It appears Cullman County’s 469 employees will have to wait a little longer before they get to see the long-awaited new pay scale.

Changes to the county employee’s handbook were on the agenda for Tuesday’s County Commission meeting, but they were tabled when associate commissioner Stanley Yarbrough declined to second a motion to pass them.

According to associate commissioner Doug Williams, the commission cannot release the new pay scale or officially adopt it until after the changes are passed.

After the meeting, Yarbrough said he declined to second the motion because Tuesday’s meeting was the first time he had actually heard the changes explained in detail. He said he wanted more time to consult some of the county’s department heads and to study the matter before making a decision.

“When we make a decision like this, we have to make sure it’s in our best interest and [the employees] best interest too,” he said.

While Chairman Wiley Kitchens could have overruled Yarbrough and seconded the vote himself, effectively passing it for the three-member commission, he did not.

The motion was tabled and a meeting set to discuss the matter with the department heads later in the week.

Williams said he was disappointed the changes did not pass, but it was only a minor setback.

“It was a real surprise to me that he wanted to study it more,” he said, “but then again, he’s a commissioner, and it’s his pleasure to do so.”

Several department heads attended the meeting with questions about the handbook changes. Revenue commissioner Kay Smith requested county attorney Dan Willingham read and explain each of the eight changes to the handbook, which he did.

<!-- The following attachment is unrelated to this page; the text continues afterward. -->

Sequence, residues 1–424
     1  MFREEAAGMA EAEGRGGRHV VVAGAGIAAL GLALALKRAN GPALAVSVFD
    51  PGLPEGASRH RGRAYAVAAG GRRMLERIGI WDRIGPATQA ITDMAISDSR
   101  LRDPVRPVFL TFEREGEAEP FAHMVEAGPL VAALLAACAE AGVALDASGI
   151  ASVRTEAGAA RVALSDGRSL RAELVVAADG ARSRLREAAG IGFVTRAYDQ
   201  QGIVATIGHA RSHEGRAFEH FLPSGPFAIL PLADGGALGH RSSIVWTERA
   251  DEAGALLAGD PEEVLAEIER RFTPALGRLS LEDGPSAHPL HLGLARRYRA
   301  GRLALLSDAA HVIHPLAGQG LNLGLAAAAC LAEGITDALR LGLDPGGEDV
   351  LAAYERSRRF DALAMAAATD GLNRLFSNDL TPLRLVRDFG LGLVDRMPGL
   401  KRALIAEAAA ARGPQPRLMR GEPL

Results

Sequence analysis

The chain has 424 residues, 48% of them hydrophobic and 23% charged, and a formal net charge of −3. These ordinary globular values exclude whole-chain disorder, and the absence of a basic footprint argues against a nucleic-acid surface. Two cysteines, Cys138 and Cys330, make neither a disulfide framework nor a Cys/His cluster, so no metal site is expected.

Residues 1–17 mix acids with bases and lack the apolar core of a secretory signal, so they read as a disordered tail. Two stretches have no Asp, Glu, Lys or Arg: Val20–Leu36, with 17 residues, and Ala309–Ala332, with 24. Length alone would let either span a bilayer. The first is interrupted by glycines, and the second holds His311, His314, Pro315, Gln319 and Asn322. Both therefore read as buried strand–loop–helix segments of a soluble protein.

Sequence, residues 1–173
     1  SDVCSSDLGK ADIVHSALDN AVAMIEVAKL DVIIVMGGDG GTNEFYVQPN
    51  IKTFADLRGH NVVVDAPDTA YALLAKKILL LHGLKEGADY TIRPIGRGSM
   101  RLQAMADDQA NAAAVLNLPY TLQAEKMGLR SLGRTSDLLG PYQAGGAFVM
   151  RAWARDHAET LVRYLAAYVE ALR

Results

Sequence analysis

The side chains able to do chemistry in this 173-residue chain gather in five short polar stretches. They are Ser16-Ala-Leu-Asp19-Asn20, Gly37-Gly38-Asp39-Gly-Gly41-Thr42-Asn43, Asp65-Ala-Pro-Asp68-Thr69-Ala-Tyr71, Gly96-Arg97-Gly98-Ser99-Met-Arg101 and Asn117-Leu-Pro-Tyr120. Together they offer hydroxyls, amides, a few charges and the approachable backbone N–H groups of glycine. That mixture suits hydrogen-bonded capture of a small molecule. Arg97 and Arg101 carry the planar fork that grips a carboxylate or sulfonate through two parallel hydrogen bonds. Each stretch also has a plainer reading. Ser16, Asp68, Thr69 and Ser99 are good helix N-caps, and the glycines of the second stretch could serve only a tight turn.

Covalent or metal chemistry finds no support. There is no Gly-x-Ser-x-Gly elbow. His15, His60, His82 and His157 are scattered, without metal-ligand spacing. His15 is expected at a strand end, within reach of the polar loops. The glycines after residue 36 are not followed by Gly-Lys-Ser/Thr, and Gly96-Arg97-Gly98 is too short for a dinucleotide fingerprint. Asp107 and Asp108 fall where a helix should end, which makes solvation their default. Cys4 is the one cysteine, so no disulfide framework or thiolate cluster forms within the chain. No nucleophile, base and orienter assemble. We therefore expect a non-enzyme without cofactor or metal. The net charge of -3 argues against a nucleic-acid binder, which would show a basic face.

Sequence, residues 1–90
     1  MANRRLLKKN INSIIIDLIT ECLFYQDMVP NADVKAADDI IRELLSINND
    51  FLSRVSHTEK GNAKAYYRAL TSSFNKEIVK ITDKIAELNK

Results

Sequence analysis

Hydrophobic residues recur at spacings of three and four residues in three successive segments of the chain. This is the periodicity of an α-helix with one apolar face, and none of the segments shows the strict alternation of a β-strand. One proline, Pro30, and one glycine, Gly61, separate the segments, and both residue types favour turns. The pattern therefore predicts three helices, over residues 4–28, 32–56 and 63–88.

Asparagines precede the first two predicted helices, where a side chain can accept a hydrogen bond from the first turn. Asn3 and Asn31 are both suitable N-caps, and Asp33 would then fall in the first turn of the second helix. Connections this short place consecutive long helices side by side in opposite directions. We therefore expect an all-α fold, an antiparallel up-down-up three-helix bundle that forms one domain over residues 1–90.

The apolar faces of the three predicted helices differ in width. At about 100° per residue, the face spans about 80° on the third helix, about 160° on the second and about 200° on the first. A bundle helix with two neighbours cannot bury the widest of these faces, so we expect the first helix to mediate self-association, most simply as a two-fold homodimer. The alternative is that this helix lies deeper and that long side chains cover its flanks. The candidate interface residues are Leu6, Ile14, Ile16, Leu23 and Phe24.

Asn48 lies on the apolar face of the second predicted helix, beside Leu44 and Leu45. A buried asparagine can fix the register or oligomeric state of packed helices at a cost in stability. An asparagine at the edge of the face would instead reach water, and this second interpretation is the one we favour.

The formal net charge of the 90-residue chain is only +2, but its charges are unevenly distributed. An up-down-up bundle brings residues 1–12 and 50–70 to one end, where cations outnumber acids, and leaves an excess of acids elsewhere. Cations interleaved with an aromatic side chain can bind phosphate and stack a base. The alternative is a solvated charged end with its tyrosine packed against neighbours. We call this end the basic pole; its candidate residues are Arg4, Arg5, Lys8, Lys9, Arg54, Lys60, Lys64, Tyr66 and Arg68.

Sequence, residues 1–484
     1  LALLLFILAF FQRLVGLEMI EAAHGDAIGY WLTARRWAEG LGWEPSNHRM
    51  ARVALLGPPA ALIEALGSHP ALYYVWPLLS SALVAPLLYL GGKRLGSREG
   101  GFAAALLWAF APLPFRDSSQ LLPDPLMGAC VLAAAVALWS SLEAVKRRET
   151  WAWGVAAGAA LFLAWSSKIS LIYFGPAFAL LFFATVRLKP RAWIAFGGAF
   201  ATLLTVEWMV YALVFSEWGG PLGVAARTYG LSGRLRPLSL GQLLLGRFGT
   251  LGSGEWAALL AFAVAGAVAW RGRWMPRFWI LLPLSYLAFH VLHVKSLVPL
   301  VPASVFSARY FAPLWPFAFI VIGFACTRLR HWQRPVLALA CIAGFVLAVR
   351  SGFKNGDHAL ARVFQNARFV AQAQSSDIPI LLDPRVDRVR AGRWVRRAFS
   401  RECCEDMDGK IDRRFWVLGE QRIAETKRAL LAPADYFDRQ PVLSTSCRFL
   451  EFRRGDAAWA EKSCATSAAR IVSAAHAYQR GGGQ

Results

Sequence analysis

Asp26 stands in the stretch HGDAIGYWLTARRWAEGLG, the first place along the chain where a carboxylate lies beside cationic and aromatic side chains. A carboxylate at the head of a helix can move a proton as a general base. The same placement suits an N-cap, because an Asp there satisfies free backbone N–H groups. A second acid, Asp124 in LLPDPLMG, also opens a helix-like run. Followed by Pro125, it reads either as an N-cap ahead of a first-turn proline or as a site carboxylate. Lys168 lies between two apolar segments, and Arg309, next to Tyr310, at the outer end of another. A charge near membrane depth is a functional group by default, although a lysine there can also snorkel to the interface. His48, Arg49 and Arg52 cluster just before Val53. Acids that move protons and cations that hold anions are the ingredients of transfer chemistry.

In general, the changes are in preparation for the adoption of the new payscale. According to Willingham, most are merely for clarification.

They deal with the definition of and how to handle promotions, demotions and transfers. One specifically states that department heads cannot fill any vacant position without the commission’s consent.

After the meeting, Smith said she was happy the changes were explained and she thought the commission did the right thing by calling the special meeting.

“Every employee has a right to know, because it’s their handbook, and they have to live with it,” she said.

However, she also said she was still upset that none of the department heads have seen the new payscale yet.

According to Williams, that will be released at the department head meeting later in the week.

The new pay scale is expected to do away with the old merit-based system in favor of annual, cost-of-living raises.

Two cost-of-living raises have already been approved by the commission since it voted to remove the old system approximately 18 months ago.

According to Williams, the old payscale led to out-of-control promotions and raises for some and too few or no raises for others.

“The new pay system is a good thing,” he said. “It fixes an old, outdated system. It fixes an unfair system.”

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